WorldCat Identities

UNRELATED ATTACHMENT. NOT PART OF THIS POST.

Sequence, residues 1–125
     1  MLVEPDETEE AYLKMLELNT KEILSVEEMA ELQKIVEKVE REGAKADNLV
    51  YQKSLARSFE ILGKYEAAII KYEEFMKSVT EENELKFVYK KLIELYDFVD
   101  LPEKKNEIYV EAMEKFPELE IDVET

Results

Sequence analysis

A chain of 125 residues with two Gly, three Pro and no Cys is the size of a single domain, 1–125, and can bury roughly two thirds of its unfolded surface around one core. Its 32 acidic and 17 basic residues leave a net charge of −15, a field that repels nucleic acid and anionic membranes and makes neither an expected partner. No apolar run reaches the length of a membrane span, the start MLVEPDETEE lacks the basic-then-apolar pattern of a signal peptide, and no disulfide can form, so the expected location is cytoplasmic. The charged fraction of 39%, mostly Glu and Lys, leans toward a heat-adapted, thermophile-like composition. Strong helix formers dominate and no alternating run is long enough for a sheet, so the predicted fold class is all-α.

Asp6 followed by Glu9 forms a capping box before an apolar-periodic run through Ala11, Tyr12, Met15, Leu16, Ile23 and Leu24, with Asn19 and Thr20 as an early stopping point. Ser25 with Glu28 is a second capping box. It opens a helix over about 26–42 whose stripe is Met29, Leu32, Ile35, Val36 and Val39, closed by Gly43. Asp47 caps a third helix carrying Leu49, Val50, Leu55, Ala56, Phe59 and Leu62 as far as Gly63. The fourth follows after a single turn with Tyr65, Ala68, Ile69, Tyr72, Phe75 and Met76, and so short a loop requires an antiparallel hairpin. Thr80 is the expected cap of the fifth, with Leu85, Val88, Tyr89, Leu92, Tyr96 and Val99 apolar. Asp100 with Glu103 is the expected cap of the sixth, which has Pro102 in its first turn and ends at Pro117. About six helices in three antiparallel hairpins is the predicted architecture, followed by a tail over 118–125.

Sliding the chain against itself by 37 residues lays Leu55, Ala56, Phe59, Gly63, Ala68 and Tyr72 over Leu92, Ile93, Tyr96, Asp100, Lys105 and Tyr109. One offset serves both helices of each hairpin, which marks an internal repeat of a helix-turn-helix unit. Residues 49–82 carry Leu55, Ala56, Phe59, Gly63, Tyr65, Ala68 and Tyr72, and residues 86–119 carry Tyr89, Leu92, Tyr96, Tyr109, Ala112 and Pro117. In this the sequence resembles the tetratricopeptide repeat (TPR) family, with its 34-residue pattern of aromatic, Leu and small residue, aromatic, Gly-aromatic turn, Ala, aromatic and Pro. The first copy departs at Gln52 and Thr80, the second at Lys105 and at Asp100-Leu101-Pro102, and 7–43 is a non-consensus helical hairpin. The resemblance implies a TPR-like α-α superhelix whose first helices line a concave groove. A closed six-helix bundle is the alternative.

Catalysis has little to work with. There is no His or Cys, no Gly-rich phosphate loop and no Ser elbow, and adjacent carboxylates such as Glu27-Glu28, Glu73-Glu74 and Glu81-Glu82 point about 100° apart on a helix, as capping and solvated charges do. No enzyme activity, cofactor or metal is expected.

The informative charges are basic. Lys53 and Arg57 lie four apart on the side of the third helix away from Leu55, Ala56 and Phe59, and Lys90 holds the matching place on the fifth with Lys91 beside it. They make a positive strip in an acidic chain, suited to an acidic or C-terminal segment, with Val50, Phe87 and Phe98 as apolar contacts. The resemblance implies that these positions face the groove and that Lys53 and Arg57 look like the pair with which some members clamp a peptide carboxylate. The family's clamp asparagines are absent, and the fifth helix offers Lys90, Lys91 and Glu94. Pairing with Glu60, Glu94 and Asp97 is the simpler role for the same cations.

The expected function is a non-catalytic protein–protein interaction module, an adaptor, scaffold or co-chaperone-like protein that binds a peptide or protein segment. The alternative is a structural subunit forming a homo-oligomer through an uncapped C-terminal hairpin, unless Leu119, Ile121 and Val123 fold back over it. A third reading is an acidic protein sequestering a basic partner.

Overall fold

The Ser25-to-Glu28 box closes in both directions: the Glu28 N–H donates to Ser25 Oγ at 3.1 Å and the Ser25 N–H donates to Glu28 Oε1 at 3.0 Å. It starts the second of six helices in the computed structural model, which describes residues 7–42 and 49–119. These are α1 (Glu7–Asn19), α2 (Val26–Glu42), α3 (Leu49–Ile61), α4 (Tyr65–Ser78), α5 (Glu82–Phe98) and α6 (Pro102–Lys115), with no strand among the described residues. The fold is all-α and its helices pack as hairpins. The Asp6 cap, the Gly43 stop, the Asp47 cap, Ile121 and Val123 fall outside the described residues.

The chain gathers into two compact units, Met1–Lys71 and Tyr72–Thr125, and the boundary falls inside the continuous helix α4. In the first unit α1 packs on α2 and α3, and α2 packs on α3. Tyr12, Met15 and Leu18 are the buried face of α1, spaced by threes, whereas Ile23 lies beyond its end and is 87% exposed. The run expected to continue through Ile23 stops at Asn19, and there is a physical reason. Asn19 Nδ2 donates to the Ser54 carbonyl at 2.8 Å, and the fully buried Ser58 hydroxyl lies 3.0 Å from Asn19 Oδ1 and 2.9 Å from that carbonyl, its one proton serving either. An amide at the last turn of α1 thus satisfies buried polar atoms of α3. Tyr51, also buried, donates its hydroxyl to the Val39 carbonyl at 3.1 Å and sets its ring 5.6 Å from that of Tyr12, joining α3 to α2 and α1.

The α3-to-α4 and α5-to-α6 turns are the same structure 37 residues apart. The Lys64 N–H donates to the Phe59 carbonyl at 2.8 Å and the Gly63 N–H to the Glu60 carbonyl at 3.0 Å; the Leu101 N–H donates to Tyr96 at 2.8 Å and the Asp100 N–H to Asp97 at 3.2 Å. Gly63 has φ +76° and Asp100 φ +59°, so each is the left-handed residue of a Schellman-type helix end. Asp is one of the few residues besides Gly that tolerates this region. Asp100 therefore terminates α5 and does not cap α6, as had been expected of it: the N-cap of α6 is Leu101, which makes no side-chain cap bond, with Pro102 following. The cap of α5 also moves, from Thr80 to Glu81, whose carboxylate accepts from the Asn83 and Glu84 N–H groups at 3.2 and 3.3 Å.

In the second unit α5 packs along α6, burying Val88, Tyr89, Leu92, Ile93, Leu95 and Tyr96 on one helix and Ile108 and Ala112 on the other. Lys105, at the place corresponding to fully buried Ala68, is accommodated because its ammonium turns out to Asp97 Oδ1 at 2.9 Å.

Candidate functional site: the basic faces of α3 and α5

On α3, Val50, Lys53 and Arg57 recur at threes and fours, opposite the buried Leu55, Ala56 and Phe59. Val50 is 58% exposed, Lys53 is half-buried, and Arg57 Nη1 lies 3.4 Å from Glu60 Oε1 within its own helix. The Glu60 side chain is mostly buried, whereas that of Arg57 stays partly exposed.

Thu Oct 16 18:03:10 2014 UTClccn-n500628040.24Apology, Crito, Phaedo, Symposium, Republic,0.350.94The great Jowett /74653372Benjamin_Jowettn 5006280497157Jourett, Benjamin 1817-1893Jowett.Jowett, B.Jowett, B. 1817-1893Jowett, William 1817-1893lccn-n79139459Platonp-socratesSocrateslccn-n79004182Aristotlelccn-n79021175Thucydidesothviaf-263534443Socrateslccn-n50031952Edman, Irwin1896-1954edtlccn-n86096996Loomis, Louise Ropes1874-1958trledtlccn-no93028580Harward, J.(John)1858-trllccn-n50030943Campbell, Lewis1830-1908edtviaf-306339535PlatoJowett, Benjamin1817-1893HistoryRecords and correspondenceStudy guidesBiographyDictionariesCriticism, interpretation, etcConstitutionMiscellaneaGlossaries, vocabularies, etcSourcesPolitical scienceUtopiasSocratesJusticeEthicsPhilosophy, AncientPhilosophyLovePlatoState, TheProtagorasSophists (Greek philosophy)Jowett, Benjamin,VirtuePleasureGreek literatureCosmologyDialogues (Plato)ReasoningGreeceLanguage and languages--PhilosophyHistory, AncientHistoriansEthics, AncientLogicPersian Wars (Greece : 500-449 B.C.)Rhetoric, AncientImaginary conversationsVirtuesPlatonistsDialogues, GreekPolitical ethicsZeno,--of EleaEnglandTheologiansParmenidesDialecticOntologyMind and bodyProtagoras (Plato)Church of EnglandNightingale, Florence,English languageGreat BritainEnglish literature--ExaminationsMethodologyThesauriClassicistsClergyNurses1817189318361841184818531854185518561858185918601861186218631864186518661867187118731874187518761878187918801881188318841885188718881889189018911892189318941895189618971898189919001901190219031904190519061907190819091910191119121914191619171919192019211922192319241925192619271928193019311932193319341935193619371938194019411942194319441945194619471948194919501951195219531954195519561957195819591960196119621963196419651966196719681969197019711972197319741975197619771978197919801981198219831984198519861987198819891990199119921993199419951996199719981999200020012002200320042005200620072008200920102011201220132014833786142380184B358ocn000367555ocn002582139ocn000963631ocn000964319ocn008991411ocn000911154ocn004334998ocn001152280ocn001331956ocn000920793ocn005151712ocn000514514ocn000016066ocn002656935ocn003454740ocn298810449ocn224380354ocn179761945ocn681182537ocn868631217ocn441795161ocn441795759ocn441795685ocn441795487ocn441795554ocn439183480ocn186023716ocn801381326ocn798595731ocn077500279ocn4391834809114349ocn002582139book18530.30PlatoThe dialogues of PlatoThe Dialogues of Plato, written between 427 and 347 B.C., rank among the most important and influential works in Western thought. Most famous are the first four, in which Plato casts his teacher Socrates as the central disputant in colloquies that brilliantly probe a vast spectrum of philosophical ideas and issues. Socrates' ancient words are still true, and the ideas found in Plato's Dialogues still form the foundation of a thinking person's education+-+1680477035447779ocn049294822file18810.29PlatoThe republicGlossaries, vocabularies, etcDictionariesStudy guidesThe best known of Plato's dialogues, The Republic applies the principles of philosophy to political affairs+-+5118690226324339540ocn001161884book18000.35PlatoThe works of PlatoPresents a selection of ten dialogues of Plato that represent the range and diversity of his human and intellectual interests196518ocn000367555book19410.24PlatoApology, Crito, Phaedo, Symposium, RepublicContains five philosophical writings by the fifth century Athenian teacher of ethics, including "Apology," "Crito," "Phaedo," "Symposium," and "Republic."191922ocn049294372file19560.50PlatoProtagorasThe Protagoras is one of Plato's most entertaining dialogues. It represents Socrates at a gathering of the most celebrated and highest-earning intellectuals of the day, among them the sophist Protagoras. In flamboyant displays of both rhetoric and dialectic, Socrates and Protagoras try to out-argue one another. Their arguments range widely, from political theory to literary criticism, from education to the nature of cowardice; but in view throughout this literary and philosophical masterpiece are the questions of what part knowledge plays in a successful life, and how we may acquire the knowledge that makes for success+-+0545618755324176829ocn049293965file19480.37PlatoSymposiumOne of the most famous works of literature in the Western world, Plato's Symposium is also one of the most entertaining. The scene is a dinner party in Athens in 416 B.C. at which the guests - including the comic poet Aristophanes and Plato's mentor, Socrates - playfully discuss the nature of eros, or love. By turns earthly and sublime, the dialogue culminates with Socrates's famous account of the "ladder of love," an extended analysis of the many forms of eros. The evening ends with a speech by the drunken Alcibiades, the most popular and powerful Athenian of the day, who insists on praising Socrates rather than love, offering up a brilliant character sketch of the enigmatic philosopher+-+7512518755175645ocn000963631book18000.47AristotleAristotle's PoliticsHistoryConstitutionMiscellanea+-+6839011896159217ocn049293913file19990.33PlatoLawsThe last of the "dialogues" by the Greek philosopher and mathematician Plato, this meditation on the nature of culture contains much that sounds outmoded to modern ears---such as discussions on slavery and the proper place of women---yet it remains an insightful examination of questions that continue to trouble us today... -- Publisher+-+1442748206154617ocn049293656file19490.35PlatoTimaeusHistoryTimaeus is one of Plato's dialogues, mostly in the form of a long monologue given by the title character. The work puts forward speculation on the nature of the physical world and human beings+-+2726831596151112ocn049293936file19420.25PlatoApologyThis historically renowned oration was presented by Socrates in his own defense after he had been formally accused of corrupting the youth of Athens. It is not an apology in the traditional sense of expressing remorse for one's actions; rather, Socrates' Apology (recorded by his faithful student and protege Plato) is a succinct and compelling defense of the brilliant philosopher's worldview, lifestyle, and teaching methods. A rewarding read for fans of philosophy and supporters of+-+209609022632415046ocn000404715book19420.37Godolphin, Francis R. BThe Greek historians. The complete and unabridged historical works of HerodotusHistorySources150232ocn008991411book19480.25PlatoThe portable Plato: Protagoras, Symposium, Phaedo, and the Republic; complete, in the English translation of Benjamin JowettOn t.p.: Protagoras, Symposium, Phaedo, and The Republic, complete, in the English translation of Benjamin Jowett+-+9595065965149130ocn000964319book18940.27PlatoPlato's the republicA Socratic dialogue concerned with the construction of an ideal commonwealth145815ocn049293173file20010.29PlatoEuthyphroThere is a well-known saying that the whole of Western Philosophy is footnotes of Plato. This is because his writings have set the schema that philosophy can be said to have followed ever since. Following under the teachings of Socrates, Plato's works are among the world's greatest literature. The Euthyphro is one of the short dialogues by which Plato commemorated Socrates's technique and manner in questioning people+-+6913664696145810ocn049293817file19960.27PlatoCratylusHistoryThere is a well-known saying that the whole of Western Philosophy is footnotes of Plato. This is because his writings have set the schema that philosophy can be said to have followed ever since. Following under the teachings of Socrates, Plato's works are among the world's greatest literature. Cratylus is of opinion that a name is either a true name or not a name at all. He is unable to conceive of degrees of imitation; a word is either the perfect expression of a thing, or a mere inarticulate sound. Of the real Cratylus we know nothing, except that he is recorded by Aristotle to have been the friend or teacher of Plato+-+6615290406145711ocn049294374file19960.35PlatoPhilebusIn The Tragedy and Comedy of Life, Seth Benardete focuses on the idea of the good in what is widely regarded as one of Plato's most challenging and complex dialogues, the Philebus. Traditionally the Philebus is interpreted as affirming the doctrine that the good resides in thought and mind rather than in pleasure or the body. Benardete challenges this view, arguing that Socrates vindicates the life of the mind over against the life of pleasure not by separating the two and advocating a strict asceticism, but by mixing pleasure and pain with mind in such a way that the philosophic life emerges as the only possible human life. Benardete combines a probing and challenging commentary that subtly mirrors and illumines the complexities of this dialogue with the finest English translation of the Philebus yet available. The result is a work that will be of great value to classicists, philosophers, and political theorists alike+-+K813001596145314ocn049293752file19470.35PlatoMeno+-+K522518755145016ocn049292971file18920.47PlatoGorgiasThere is a well-known saying that the whole of Western Philosophy is footnotes of Plato. This is because his writings have set the schema that philosophy can be said to have followed ever since. Following under the teachings of Socrates, Plato's works are among the world's greatest literature. In the Gorgias, as in nearly all the other dialogues of Plato, we are made aware that formal logic has as yet no existence. The dialogue naturally falls into three divisions, to which the three characters of Gorgias, Polus, and Callicles respectively correspond; and the form and manner change with the stages of the argument+-+5215290406144710ocn049293895file19950.29PlatoEuthydemusEnglish translation of Plato's dialogue of Socrates and two prominent Sophists, Euthydemus and Dionysodorus, and their conflicting philosophical views, of which Plato satirizes the logical fallacies of the Sophists144415ocn049295408file19920.33PlatoParmenidesEnglish translation of one of the more challenging and enigmatic of Plato's dialogues between Socrates and Parmenides and Zeno of Elea, that begins with Zeno defending his treatise of Parmenidean monism against those partisans of plurality+-+29427676966187ocn000738420book19570.63Faber, G. CJowett, a portrait with backgroundHistoryBiography46719ocn000880287book18970.74Abbott, EvelynThe life and letters of Benjamin Jowett, M.A., master of Balliol College, OxfordHistoryBiographyRecords and correspondence3253ocn015790871book19870.77Hinchliff, Peter BinghamBenjamin Jowett and the Christian religionBiographyFocusing on Benjamin Jowett as a theologian, this book attempts to identify the ideas which caused him to develop his theology, the thinkers who influenced him and how his own religious ideas evolved+-+93311734653242362ocn015517942book19870.84Jowett, BenjaminDear Miss Nightingale : a selection of Benjamin Jowett's letters to Florence Nightingale, 1860-1893Records and correspondence20520ocn002484597book18950.82Tollemache, Lionel ABenjamin Jowett, master of BalliolBiography1715ocn001280900book18990.79Jowett, BenjaminLetters of Benjamin Jowett ... master of Balliol College, OxfordBiographyRecords and correspondence1651ocn000995557book19740.79Swanston, Hamish F. GIdeas of order. Anglicans and the renewal of theological method in the middle years of the nineteenth centuryHistory1402ocn000597962book19060.70Jowett, BenjaminThe interpretation of Scripture and other essaysCriticism, interpretation, etc882ocn830988169file18640.88Reasons for voting against the endowment of the Regius Professor of Greek871ocn830949035file18640.86University of OxfordWe, the undersigned Resident Members of Convocation, beg leave to submit to your careful consideration the subjoined statement and appeal, and in the earnest hope of your cooperation, have the honour to be your faithful servants861ocn830988309file18640.86To non-resident members of the Oxford Convocation431ocn008387201book19810.94Greene, GrahamThe great JowettDrama353ocn021276335book19020.79Jowett, BenjaminSelect passages from the theological writings of Benjamin Jowett ...353ocn024922552book18560.82Davies, J. LlewelynSt. Paul and modern thought remarks on some of the views advanced in Professor Jowett's Commentary on St. PaulCriticism, interpretation, etc342ocn008605535book19100.88A New story about Florence NightingaleBiography Anecdotes264ocn015072694book19490.35PlatoTimaeusHistoryTimaeus is one of Plato's dialogues, mostly in the form of a long monologue given by the title character. The work puts forward speculation on the nature of the physical world and human beings+-+6448889596252ocn003616955book18710.30PlatoThe dialogues of PlatoCollects eight important dialogues by the great Greek philosopher253ocn697625449com18620.63Case as to the legal position of Professor Jowett with the opinion of the Queen's Advocate thereon226ocn697624108com18610.63Hebert, CharlesNeology not true, and truth not new three short treatises concerning F.D. Maurice's Vere Street sermons, The Rev. Prof. Jowett's doctrine on "The righteousness of God," J.L. Davies' reply to "Atonement by propitiation," with that treatise also, and a summary of the atonement controversy212ocn030475955book19930.92Darwall-Smith, RobinThe Jowett papers : a summary catalogue of the papers of Benjamin Jowett (1817-1893) at Balliol College, Oxford+-+5118690226324+-+5118690226324Thu Oct 16 15:27:51 EDT 2014batch59754